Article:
A. Perhaps. I believe that rage and violent aggression are essential parts of us as human beings, and I think it's absolutely impossible to eliminate that impulse. The issue we confront as human beings is how to control and manage that impulse. I know that small children will watch this film, but I intentionally chose not to shield them from that very obvious and apparent reality.

Q. So you think it should have a G rating? (It has been rated PG-13.)

A. In Japan we don't have that kind of rating system. We have adult films, but that's the only category we have. When I began making this film I thought I didn't want it to be seen by young children. But the closer I came to completion, the more I began to believe that younger children would be able to intuitively understand the message. What my producer decided, for the TV advertising in Japan, was to show the most shocking scenes. Of course that works as a marketing technique, but also we really wanted parents to know what they were getting into, so there wouldn't be any nasty surprises and they could make an intelligent decision.

Q. I'm frustrated that in North America people automatically go to the new Disney picture, but it's very hard to get them to go to any other animation. For example, "The Iron Giant" didn't do too well recently. What are you doing to spread the word that "Princess Mononoke" is the film to see, even if it doesn't have the little Disney logo?

A. (Smiles.) You see me here. That's what I'm here for.

Q. Every video store in North America has an anime section with hundreds of tapes. Yet these films rarely play in theaters. Who is watching these tapes? There must be millions of fans hidden away somewhere because even in the small towns they have Japanese anime. It must be an audience that has discovered them without any media push.

A. The situation isn't that different in Japan. If you play anime in the theaters, not all that many people come to see it, even if there are tremendous video sales of the same product. So maybe in their own minds they've created a delineation between those movies you see in a theater and those you enjoy at home.

Q. But "Princess Mononoke" was the biggest hit in Japan until "Titanic.". . .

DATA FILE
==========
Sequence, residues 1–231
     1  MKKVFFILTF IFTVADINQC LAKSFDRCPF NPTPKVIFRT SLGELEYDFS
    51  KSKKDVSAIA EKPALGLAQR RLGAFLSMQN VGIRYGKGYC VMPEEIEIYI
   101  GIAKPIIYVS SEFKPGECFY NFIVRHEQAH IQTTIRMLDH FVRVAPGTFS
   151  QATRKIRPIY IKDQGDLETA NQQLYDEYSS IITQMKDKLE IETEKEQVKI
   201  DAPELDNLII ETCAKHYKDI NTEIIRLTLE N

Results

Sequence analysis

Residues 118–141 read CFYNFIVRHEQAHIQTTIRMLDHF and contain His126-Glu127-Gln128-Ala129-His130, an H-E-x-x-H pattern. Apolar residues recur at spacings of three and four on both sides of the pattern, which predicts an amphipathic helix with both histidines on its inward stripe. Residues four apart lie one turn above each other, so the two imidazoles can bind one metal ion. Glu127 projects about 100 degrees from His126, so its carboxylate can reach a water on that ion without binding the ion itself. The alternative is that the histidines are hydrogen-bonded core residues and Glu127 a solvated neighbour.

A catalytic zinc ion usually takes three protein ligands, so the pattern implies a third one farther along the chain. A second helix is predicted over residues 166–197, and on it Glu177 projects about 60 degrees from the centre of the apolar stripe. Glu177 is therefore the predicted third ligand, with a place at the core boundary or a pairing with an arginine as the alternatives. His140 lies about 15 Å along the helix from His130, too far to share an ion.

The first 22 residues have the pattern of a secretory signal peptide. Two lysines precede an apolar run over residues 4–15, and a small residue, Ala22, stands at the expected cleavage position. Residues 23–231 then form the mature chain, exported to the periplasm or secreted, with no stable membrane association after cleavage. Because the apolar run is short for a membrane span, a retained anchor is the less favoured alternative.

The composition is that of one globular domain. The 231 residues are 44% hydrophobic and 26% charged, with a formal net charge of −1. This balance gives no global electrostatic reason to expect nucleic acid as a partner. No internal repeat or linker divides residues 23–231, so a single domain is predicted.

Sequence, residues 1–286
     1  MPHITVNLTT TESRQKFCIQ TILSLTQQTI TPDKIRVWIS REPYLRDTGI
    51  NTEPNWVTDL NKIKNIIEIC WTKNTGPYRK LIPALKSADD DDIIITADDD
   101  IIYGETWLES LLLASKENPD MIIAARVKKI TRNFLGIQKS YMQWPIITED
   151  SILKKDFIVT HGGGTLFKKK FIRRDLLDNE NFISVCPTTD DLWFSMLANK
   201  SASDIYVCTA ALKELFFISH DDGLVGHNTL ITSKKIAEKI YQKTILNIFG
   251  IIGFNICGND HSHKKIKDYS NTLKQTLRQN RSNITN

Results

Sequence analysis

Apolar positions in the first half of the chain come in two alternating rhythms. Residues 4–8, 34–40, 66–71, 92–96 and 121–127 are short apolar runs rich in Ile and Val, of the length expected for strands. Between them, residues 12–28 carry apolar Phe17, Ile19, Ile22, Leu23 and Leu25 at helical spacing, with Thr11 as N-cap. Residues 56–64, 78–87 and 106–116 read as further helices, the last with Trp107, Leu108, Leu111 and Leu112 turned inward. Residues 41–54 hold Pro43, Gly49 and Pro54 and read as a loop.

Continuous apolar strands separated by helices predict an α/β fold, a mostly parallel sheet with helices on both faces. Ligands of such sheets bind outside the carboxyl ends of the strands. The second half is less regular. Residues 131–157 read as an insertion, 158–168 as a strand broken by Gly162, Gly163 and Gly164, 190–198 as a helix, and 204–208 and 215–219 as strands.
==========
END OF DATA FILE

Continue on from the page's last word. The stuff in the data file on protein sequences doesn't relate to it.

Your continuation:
A. Frankly, that left me baffled. I have no idea why that happened. None of our films at Ghibli Studio up to "Totoro" were able to make back their budgets simply from theatrical releases. We got into the black from secondary rights. The first time we went into the black from theatrical was with "Kiki's Delivery Service." So it's not like we started in Japan with some ready-made brilliant active theatergoing audience for anime.

Q. You had to develop your audience. . . .

A. Not exactly. At Ghibli the direction we've always intentionally taken is that every time the audience develops an expectation of what we're going to deliver, we immediately betray it with the next film.

Q. In your drawings you often exaggerate the mouth and eyes to convey extreme emotion; in Disney's new "Tarzan" picture, baby Tarzan seems to look exactly like a Miyazaki character, as if the Americans have been studying his work.

Q. (Chuckles.) Actually our work depends on how much we can appropriate from other people's work! Painting, music, films, literature . . . it's all grist for the mill. We think of our work not as individual creativity but like a lifelong baton relay. Your work passes through your body and your life; you transform it into something, and then you pass it on to the next generation.

Q. Is "Princess Mononoke" based upon Japanese myths?

A. So much of what I've absorbed as myth is now a part of myself that it's difficult for me to delineate what's original, what's myth, what's history, what's me, what belongs to the past. But I think that many of the elements in the film were commonsense, intuitive understanding for Japanese people of my generation. The fact that there were Japanese people at that time working in the woods, felling trees in order to have the fire to make forged steel and iron, that is historical fact. Fortunately, Japan is blessed with abundant rainfall, so we could keep on felling trees without losing the forest, and the forest myths.

Q. Someone told me that Miyazaki-san is not going to make another film. Surely that is not true.

A. I make every film believing that it will be my last. But the truth is at my age (58) I can no longer afford the intensive labor that I spent on the last one. If my staff will agree to my participating as a director without the intensity of labor, then there are many more films that I would like to do.

Q. But you have this staff, so you tell them to?

A. (Smiles.) Not that easy.

Q. They must love you, though, and want to work with you.

A. I'm always a dictator.

Q. One last question. My wife and I were in Japan and we were able to meet two men who had been appointed Living National Treasures - a man who makes pots and a man who makes kimonos. You must be a national treasure, too.

A. Don't make me a Living National Treasure, please! Because I want to be able to always have the possibility of making outrageous films.

Roger Ebert

Roger Ebert was the film critic of the Chicago Sun-Times from 1967 until his death in 2013. In 1975, he won the Pulitzer Prize for distinguished criticism.